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The Woman's Building, located north of downtown Los Angeles, California, is a public center for women's culture. During the four years of its development, the Woman's Building has been the focus for national conferences, local workshops, and classes. Their facilities include a graphic center, a slide registry of women's visual art, a performance space, classroom and meeting space. Major educational programs include the Extension Program (quarterly 8-week classes on week nights, and one-day weekend workshops), the Feminist Studio Workshop and the Summer Art Program.
The Woman's Building presently occupies a three storey [[three-storey]] warehouse. In four months over 2,500 people helped to build this public center on three floors of undifferentiated space. They participated in the process of designing, cleaning, scraping and painting. Design emphasis was placed on open forms and generous circulation spaces as places of conversation, protest and celebration.
The Woman's Building was created without large gifts or grants from either private individuals and corporations or federal and state agencies. Project grants had been received but economic support for the ever increasing administrative strain was and continues to be lacking. Sheila Levrant de Brettville one of the founders of the center stated in "The Woman's Building: A Case Study in Urban Innovation" that the sheer existence and persistence of the Woman's Building is expressive of the vitality of the second wave of feminism. The orientation, accomplishments and difficulties of this building can provide a useful model for women elsewhere who might create a new independent cultural and feminist institution. As the goal of this institution is to project women's culture into the public sphere, the more women can group together to locate and create this culture, the more likely we can have a positive affect on the society at large."

The Woman's Building
1727 N. Spring St.
Los Angeles, California


"The stereotypes about women that pass thorugh [[through]] urban planning minds are too frightful to touch on a hot summer day - among these stereotypes are the assumptions that women stay at home, that everybody lives in a nuclear family, that everybody wants as many bathrooms as there are bedrooms (meaning more housework and more consumption), that a man needs an "extra place" for a study, but a woman doesn't" (Noel Phyllis Birkby, Los Angeles Times, August 1976).
Birkby, a New York architect who teaches at Brooklyn's Pratt Institute, is one of the seven founders / co-ordinators of the Women's School of Planning and Architecture, the first such school founded, funded and run by and for women. The reasons for the creation of the school are twofold - to create a personaly [[personally]] supportive environment for the free exchange of ideas and knowledge; and to encourage both personal and professional growth through a fuller integration of values and identities as women, with values and identities as designers.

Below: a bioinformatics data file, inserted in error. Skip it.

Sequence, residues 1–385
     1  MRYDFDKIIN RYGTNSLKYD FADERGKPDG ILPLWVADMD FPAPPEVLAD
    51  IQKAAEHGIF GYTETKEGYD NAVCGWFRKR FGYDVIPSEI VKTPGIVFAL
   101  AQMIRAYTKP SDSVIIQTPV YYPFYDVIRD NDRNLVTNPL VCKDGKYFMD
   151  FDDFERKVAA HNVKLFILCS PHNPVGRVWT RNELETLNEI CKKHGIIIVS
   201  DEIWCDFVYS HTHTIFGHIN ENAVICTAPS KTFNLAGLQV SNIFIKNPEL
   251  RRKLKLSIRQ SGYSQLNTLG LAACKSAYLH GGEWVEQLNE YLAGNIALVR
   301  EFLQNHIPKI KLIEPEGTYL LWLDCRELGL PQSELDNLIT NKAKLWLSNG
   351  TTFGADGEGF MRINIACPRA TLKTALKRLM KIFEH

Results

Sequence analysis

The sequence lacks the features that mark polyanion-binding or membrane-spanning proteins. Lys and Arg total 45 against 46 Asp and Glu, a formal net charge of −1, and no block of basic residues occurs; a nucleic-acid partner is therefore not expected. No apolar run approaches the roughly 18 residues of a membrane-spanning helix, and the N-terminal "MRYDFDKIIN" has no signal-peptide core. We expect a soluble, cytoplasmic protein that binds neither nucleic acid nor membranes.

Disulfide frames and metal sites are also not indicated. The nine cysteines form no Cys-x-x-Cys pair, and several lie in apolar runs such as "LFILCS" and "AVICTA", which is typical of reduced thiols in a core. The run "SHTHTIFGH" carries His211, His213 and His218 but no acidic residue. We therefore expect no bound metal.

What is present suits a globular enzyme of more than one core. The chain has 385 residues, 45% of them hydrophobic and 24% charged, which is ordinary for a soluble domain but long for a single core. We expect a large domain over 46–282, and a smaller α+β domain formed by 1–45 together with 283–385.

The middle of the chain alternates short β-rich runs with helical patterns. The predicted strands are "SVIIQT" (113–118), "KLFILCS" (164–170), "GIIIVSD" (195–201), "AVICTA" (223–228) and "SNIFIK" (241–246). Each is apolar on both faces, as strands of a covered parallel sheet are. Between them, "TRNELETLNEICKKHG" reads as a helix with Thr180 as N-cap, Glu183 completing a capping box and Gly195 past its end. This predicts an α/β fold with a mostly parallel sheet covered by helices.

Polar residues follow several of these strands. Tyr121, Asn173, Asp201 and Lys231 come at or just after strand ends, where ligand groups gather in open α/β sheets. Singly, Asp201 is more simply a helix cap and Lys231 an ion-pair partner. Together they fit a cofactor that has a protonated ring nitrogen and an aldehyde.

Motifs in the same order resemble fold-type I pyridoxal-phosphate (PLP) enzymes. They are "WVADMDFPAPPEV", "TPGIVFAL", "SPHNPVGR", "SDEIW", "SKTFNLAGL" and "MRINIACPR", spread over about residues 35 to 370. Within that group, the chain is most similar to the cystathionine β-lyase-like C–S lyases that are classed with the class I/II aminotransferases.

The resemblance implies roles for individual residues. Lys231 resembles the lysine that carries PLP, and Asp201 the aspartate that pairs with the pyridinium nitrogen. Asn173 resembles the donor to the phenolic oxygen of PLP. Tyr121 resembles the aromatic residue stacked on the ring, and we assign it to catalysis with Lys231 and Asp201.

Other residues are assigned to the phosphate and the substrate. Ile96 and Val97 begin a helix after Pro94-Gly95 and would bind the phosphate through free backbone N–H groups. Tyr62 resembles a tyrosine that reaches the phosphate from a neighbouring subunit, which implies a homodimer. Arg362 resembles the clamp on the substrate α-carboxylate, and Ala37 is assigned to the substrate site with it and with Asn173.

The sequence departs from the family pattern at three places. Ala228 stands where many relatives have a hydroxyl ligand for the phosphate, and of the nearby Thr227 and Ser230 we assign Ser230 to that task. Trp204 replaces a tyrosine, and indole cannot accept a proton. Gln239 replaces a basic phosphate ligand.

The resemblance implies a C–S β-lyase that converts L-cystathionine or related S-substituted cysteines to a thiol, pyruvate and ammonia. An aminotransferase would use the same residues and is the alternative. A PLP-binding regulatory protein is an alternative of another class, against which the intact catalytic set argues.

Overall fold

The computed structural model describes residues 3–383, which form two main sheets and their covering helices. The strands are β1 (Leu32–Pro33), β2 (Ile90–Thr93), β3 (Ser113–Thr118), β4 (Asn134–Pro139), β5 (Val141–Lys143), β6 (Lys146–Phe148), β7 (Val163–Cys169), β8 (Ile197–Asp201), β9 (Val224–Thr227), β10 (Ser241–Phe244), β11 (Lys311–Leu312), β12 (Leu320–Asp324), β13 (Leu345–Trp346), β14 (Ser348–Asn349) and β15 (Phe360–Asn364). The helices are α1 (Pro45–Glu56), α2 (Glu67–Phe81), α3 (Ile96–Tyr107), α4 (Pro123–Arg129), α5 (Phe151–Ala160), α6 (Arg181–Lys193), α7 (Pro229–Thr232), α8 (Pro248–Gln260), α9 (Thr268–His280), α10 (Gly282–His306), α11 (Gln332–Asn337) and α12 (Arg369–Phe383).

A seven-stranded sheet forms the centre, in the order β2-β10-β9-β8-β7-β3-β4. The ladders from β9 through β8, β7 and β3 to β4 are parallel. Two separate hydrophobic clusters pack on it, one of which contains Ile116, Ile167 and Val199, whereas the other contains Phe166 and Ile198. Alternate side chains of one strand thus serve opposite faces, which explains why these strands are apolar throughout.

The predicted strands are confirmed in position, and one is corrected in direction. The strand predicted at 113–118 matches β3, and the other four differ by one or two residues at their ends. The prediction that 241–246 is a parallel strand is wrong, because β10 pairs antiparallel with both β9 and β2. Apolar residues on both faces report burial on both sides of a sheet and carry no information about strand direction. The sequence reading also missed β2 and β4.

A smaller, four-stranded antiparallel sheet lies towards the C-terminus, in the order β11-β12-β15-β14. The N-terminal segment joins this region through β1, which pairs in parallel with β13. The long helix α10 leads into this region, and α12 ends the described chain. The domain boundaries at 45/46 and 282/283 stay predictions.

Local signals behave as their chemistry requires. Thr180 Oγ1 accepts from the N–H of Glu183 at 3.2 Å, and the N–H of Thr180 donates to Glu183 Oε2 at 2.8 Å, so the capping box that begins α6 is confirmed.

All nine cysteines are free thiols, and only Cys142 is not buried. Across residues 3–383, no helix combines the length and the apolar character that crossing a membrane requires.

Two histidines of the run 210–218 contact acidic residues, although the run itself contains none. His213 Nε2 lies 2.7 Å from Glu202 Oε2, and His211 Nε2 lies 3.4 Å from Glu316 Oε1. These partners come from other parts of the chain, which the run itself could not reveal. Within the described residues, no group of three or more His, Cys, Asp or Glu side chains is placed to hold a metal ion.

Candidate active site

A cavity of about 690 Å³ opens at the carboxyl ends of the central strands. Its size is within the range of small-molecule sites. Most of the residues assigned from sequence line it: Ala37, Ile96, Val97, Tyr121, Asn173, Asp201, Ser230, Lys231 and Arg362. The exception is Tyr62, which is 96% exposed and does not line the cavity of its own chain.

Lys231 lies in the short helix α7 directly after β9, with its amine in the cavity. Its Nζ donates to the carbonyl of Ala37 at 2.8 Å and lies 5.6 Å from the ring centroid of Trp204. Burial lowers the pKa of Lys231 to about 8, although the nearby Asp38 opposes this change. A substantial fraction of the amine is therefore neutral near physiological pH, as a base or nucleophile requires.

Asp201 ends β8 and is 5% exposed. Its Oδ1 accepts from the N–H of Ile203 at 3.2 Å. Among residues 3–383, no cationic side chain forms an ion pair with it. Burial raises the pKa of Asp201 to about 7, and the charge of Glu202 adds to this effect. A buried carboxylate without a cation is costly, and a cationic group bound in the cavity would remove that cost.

The first session of WSPA was held during August 1975, in Maine and the second session during August 1976, in California. More than 50 women gathered together for each intensive two-week session. The sessions included discussion of such diverse subjects as the politics and ideology of the planning process, women and built environment, a feminist analysis of design method and content, energy-conscious design, writing for designers, woodworking techniques, design and construction of architectural tapestry.
The School is a response to the growing dissatisfaction with the architectural profession. The profession has remained male-dominated due to traditional barriers of entry for women. As a result, many women feel that the profession has not been sensitive to the needs of women users of buildings. Little design consideration has been given for example to the physical barriers for women accompanied by young children in carriages; the physical isolation of suburban women and effectively designed birth environments for women. It is for these reasons that so called "alternative institutions" for women have been created by women.
Ellen Perry Berkely, one of the founders / co-ordinators, it has been an occasionally agonizing attempt to create a new model of education, of community,of organization, of professional responsibility." It seems that for women architects, the school represents a move toward a new definition of professionalism.
WSPA is currently planning another two week [[two-week]] session for August 1978, in Rhode Island. In addition, a special weekend session will be held at that time for those interested in a session.

For further information contact:
Women's School of Planning and Architecture
Box 311
Shaftsbury, Vermont
05262, U. S. A.

Appropriately enough, following on the last article the letter printed below outlines some plans for an August, 1978 session by the Women's School of Planning and Architecture.


Transcription Notes:
1. "Storey" is an English (British or Canadian) spelling. 2. "Co-ordinators" is the plural form of co-ordinator.

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